Snohomish County to be in Phase 1 of new COVID recovery plan next week

Dr. Chris Spitters

For the week starting January 11, Snohomish County will fall under Phase 1 of the Healthy Washington: Roadmap to Recovery announced by Gov. Jay Inslee last week.

The governor’s plan provides a framework for regions to safely ease some restrictions while also maintaining crucial hospital capacity.

With Snohomish County now incorporated into the new Puget Sound Region with King and Pierce counties, movement will be based on meeting all four metrics for the region:

  • A 10 percent or greater decrease in the rate of COVID cases per 100,000 population in most recent 14-day period measured compared to the prior 14-day period
  • A 10 percent or greater decrease in the rate of new COVID hospital admission rates per 100,000 in most recent 14-day period measured compared to the prior 14-day period
  • Test positivity of less than 10% for the most recent seven-day period measured
  • Total ICU occupancy of less than 90% for the most recent seven-day period measured

The Washington State Department of Health (DOH) will compile updated data by region every Friday. Regions that meet all four criteria above are eligible to move to Phase 2 on the following Monday. Based on the first dashboard update, the Puget Sound Region is only meeting three of the four criteria and is therefore not eligible to advance yet.

The region needs to see a 10% or greater decrease in hospital admission rates per 100,000 when comparing two-week periods. The period from Dec. 20 to Jan. 2 saw a 1% increase in hospital admission rates across the region compared to the period from Dec. 9-19.

“Hospital trends usually follow two to three weeks after the number of COVID-19 infections increase. While it may take a few weeks before the new hospital admission rates decrease enough, the other metrics are in everyone’s control today,” said Dr. Chris Spitters, Health Officer for the Snohomish Health District. “Please be patient, keep masking up and social distancing when around people you don’t live with, and keep those social bubbles as small as possible, and keep things outdoors or well ventilated.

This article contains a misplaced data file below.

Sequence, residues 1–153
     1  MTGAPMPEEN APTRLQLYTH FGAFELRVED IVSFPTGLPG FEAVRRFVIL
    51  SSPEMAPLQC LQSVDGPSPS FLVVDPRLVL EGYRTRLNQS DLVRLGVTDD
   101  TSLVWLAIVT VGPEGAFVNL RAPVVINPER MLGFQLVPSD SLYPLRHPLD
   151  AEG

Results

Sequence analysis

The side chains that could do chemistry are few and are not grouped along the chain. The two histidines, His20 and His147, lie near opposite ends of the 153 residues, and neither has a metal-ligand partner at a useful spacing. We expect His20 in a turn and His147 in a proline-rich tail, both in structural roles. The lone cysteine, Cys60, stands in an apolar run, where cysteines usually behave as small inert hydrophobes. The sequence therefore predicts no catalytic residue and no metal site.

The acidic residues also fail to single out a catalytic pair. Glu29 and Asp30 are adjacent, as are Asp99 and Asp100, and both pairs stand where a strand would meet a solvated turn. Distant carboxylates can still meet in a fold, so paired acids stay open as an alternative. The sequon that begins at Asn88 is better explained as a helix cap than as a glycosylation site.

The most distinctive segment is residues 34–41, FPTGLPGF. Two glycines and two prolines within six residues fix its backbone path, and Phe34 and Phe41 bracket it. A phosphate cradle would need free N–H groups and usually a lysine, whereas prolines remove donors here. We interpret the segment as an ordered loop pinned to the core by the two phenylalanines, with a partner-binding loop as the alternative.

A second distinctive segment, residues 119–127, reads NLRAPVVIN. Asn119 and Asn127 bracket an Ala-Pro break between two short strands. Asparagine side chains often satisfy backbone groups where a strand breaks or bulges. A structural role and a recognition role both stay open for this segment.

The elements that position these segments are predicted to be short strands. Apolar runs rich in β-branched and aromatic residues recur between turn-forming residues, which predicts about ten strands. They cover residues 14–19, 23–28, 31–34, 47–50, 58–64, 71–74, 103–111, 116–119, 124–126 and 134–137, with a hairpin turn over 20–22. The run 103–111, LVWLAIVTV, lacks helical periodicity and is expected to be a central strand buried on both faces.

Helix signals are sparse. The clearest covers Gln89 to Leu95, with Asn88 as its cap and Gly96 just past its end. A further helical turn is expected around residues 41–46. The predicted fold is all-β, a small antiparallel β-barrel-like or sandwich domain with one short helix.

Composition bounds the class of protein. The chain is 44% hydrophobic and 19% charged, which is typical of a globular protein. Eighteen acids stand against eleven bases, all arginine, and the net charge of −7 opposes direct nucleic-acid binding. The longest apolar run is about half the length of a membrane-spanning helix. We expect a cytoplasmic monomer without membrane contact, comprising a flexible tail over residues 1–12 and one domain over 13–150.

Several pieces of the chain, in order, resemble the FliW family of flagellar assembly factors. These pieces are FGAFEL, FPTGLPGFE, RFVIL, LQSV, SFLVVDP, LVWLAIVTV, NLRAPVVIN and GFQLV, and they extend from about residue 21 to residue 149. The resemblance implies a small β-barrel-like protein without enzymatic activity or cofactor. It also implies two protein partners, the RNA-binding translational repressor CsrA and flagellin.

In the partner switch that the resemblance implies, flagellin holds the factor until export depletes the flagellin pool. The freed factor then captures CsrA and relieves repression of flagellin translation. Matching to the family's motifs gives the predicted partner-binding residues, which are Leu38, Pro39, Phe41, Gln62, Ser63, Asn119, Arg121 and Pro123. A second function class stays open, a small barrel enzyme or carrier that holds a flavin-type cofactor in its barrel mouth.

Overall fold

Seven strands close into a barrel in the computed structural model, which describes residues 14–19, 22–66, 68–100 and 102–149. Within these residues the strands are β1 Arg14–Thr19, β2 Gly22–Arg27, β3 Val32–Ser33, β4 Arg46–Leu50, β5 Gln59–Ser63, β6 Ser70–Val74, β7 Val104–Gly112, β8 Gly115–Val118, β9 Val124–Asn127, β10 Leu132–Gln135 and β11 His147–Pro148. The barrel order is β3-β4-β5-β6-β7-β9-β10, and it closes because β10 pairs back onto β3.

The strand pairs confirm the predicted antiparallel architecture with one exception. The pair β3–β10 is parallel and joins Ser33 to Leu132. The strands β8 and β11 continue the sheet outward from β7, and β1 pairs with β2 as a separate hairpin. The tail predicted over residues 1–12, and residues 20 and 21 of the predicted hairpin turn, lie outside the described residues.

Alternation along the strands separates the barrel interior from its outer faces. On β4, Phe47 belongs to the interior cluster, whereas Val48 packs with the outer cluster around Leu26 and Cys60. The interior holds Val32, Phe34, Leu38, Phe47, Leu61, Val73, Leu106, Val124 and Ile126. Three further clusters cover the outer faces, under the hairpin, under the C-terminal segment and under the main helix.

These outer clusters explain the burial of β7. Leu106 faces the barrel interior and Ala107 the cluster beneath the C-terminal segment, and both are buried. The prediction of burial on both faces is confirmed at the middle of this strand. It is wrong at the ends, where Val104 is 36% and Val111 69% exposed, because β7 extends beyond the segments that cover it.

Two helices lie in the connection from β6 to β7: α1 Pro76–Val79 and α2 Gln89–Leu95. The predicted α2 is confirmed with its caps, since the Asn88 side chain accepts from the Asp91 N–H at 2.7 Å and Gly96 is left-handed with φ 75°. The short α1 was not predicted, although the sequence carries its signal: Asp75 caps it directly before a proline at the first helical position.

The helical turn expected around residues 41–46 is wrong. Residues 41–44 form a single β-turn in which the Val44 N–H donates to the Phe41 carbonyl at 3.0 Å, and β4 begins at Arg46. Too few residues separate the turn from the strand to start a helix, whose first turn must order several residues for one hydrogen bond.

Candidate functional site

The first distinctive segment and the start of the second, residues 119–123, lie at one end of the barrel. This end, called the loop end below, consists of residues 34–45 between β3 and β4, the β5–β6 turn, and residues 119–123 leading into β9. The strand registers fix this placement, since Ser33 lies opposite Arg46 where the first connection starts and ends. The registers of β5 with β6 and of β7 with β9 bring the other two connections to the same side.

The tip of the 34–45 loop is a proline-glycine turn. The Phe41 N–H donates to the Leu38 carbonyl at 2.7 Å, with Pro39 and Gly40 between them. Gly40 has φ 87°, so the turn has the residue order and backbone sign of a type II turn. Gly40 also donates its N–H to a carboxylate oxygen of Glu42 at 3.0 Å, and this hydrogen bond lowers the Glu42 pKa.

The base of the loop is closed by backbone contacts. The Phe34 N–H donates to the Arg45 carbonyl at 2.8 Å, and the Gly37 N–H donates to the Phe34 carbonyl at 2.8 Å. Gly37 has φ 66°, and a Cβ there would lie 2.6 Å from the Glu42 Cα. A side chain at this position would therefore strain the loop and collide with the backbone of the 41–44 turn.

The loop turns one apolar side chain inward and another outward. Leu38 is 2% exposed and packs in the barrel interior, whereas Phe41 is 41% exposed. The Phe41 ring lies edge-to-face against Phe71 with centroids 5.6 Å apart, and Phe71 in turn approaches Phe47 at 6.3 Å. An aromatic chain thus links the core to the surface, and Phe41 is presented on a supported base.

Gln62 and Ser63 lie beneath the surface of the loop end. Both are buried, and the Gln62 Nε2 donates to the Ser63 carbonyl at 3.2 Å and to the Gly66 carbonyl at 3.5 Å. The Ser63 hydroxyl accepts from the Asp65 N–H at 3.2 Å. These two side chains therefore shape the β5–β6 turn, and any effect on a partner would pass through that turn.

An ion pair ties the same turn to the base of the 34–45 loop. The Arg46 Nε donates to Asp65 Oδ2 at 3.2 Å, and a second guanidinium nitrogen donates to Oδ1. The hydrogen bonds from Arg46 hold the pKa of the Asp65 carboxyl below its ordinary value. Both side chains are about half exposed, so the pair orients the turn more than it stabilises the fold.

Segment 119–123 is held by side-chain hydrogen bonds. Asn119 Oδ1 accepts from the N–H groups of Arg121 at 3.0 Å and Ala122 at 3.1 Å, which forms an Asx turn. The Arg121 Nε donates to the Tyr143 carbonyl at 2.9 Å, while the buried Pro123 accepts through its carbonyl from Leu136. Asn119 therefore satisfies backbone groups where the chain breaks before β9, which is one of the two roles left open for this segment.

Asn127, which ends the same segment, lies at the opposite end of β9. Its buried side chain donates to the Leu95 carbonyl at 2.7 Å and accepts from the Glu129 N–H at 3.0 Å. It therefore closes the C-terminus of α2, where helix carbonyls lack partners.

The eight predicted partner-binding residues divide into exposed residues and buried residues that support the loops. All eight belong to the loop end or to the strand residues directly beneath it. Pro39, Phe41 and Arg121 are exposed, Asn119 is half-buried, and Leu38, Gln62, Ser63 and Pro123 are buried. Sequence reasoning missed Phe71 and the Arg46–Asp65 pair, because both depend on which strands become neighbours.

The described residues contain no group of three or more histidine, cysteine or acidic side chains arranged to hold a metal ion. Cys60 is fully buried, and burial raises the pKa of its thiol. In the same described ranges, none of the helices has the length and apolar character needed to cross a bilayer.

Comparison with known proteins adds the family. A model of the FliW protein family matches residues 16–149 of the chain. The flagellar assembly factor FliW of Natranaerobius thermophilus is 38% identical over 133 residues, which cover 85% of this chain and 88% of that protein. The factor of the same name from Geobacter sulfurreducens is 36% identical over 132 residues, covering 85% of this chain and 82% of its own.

Spitters addsed that the seemingly favorable recent trends in reported case rates and test positivity may reflect multiple factors from the holidays and may not represent truly sustained improvements. These factors include, but aren’t limited to, decreased test-seeking through the holidays and delays in transmission of test results from laboratories to public health entities.

As a reminder, indoor gatherings with non-household members are still prohibited in the current phase, the health district said. Those behaviors, along with good hand hygiene, are the key to getting test positivity and case rates down.

The DOH and data dashboards will continue to be available online. Additional data regarding the new criteria for the Roadmap to Recovery will be provided separately for the near term. The risk assessment dashboards will be revised in the future, but there should be no break in the availability of COVID-19 data.

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